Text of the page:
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CCC Maintenance Tech program filling need: Graduates snatched up by local businesses as soon as they finish the program
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CCC Maintenance Tech program filling need: Graduates snatched up by local businesses as soon as they finish the program

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Kirk Anderson

Kirk Anderson, a maintenance supervisor at a local apartment complex, stands in one of the apartments he helps maintain. Anderson graduated from the CCC Certified Apartment Maintenance Technician program.

Kirk Anderson was unemployed and walking through the halls of the Coconino Community College campus when he saw a flier advertising the Certified Apartment Maintenance Technician (CAMT) program.

Intrigued, he applied. Now, he works at a large apartment complex in Flagstaff as the maintenance supervisor.

“What I like about the work is helping people,” Anderson said. “I think that’s the most important thing about my job, and it’s always nice to see a smile on someone’s face when I leave a property.”

CCC, now in the eighth year of offering the Maintenance Technician class in Flagstaff, has a new class starting on Jan. 27, 2020. Spots are limited and they go fast. In order for candidates to qualify for the in-demand class, they need to attend an Information Session on Tuesday, Dec. 10, 11 a.m. to noon, or 3 to 4 p.m. at Goodwill of Central and Northern Arizona, 4308 E. Route 66.

“It’s popular because of the extraordinary amount of job opportunities,” said Ken Myers, CCC faculty. “It’s putting people to work right away.”

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Kay Leum, executive director of Extended Learning at CCC, said the allure is a combination of the short training time and the excellent wages the graduates receive once they land a job. The program has been so popular in Flagstaff that it was brought, for the last two summers, to the community of Page.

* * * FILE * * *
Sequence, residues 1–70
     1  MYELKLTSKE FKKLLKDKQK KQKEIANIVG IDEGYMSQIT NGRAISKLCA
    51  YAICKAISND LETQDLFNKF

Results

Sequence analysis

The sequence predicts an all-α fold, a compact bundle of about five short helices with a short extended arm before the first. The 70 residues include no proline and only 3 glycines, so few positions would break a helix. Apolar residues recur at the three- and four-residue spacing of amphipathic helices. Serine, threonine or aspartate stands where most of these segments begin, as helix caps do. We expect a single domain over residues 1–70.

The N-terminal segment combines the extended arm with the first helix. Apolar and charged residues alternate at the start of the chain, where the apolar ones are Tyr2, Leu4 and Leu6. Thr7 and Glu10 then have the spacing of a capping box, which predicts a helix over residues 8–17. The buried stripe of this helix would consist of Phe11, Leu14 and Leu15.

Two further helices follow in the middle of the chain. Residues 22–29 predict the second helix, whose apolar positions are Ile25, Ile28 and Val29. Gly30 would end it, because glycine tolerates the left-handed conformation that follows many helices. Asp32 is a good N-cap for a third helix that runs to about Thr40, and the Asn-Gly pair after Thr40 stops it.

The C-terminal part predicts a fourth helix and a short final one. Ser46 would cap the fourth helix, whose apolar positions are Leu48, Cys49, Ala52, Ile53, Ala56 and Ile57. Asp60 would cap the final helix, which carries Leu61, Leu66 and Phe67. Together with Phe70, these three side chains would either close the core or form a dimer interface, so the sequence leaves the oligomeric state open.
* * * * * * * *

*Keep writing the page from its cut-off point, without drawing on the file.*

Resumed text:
Myers said the six-week training, which takes place five times a week, eight hours a day, offers several certifications – CAMT, which is good in all 50 states, water and piping systems, refrigerants, appliance repair, computer literacy, OSHA10 and EPA608 and more. There is even “soft skill” training to prepare the graduates for customer-service and job-interviewing skills.

The tuition for the majority of the students, roughly $1,600, is covered by grant funding for eligible participants through the Coconino County Career Services and Goodwill, both longtime partners of the program. Other partners include Coconino County Health and Human Services District and the National Apartment Association.

The class size is limited to 15 students, and last year’s class had 60 applicants. There have been more than 100 graduates of the program in eight years, and approximately 90 percent of the graduates successfully passed their certification exams. Although he didn’t know the exact number, Myers said at least 75 percent of the graduates found work in Flagstaff, many of whom were interviewed even before they finished the class.

Anderson enjoys his work. In a typical day, he might work on a heating unit, or repair some drywall, fix an electrical problem, bring an appliance back to life.

“With me, I don’t stop learning,” Anderson said. “If you really want to move up in life, you got to keep learning.”

Larry Hendricks is the public relations coordinator for Coconino Community College.


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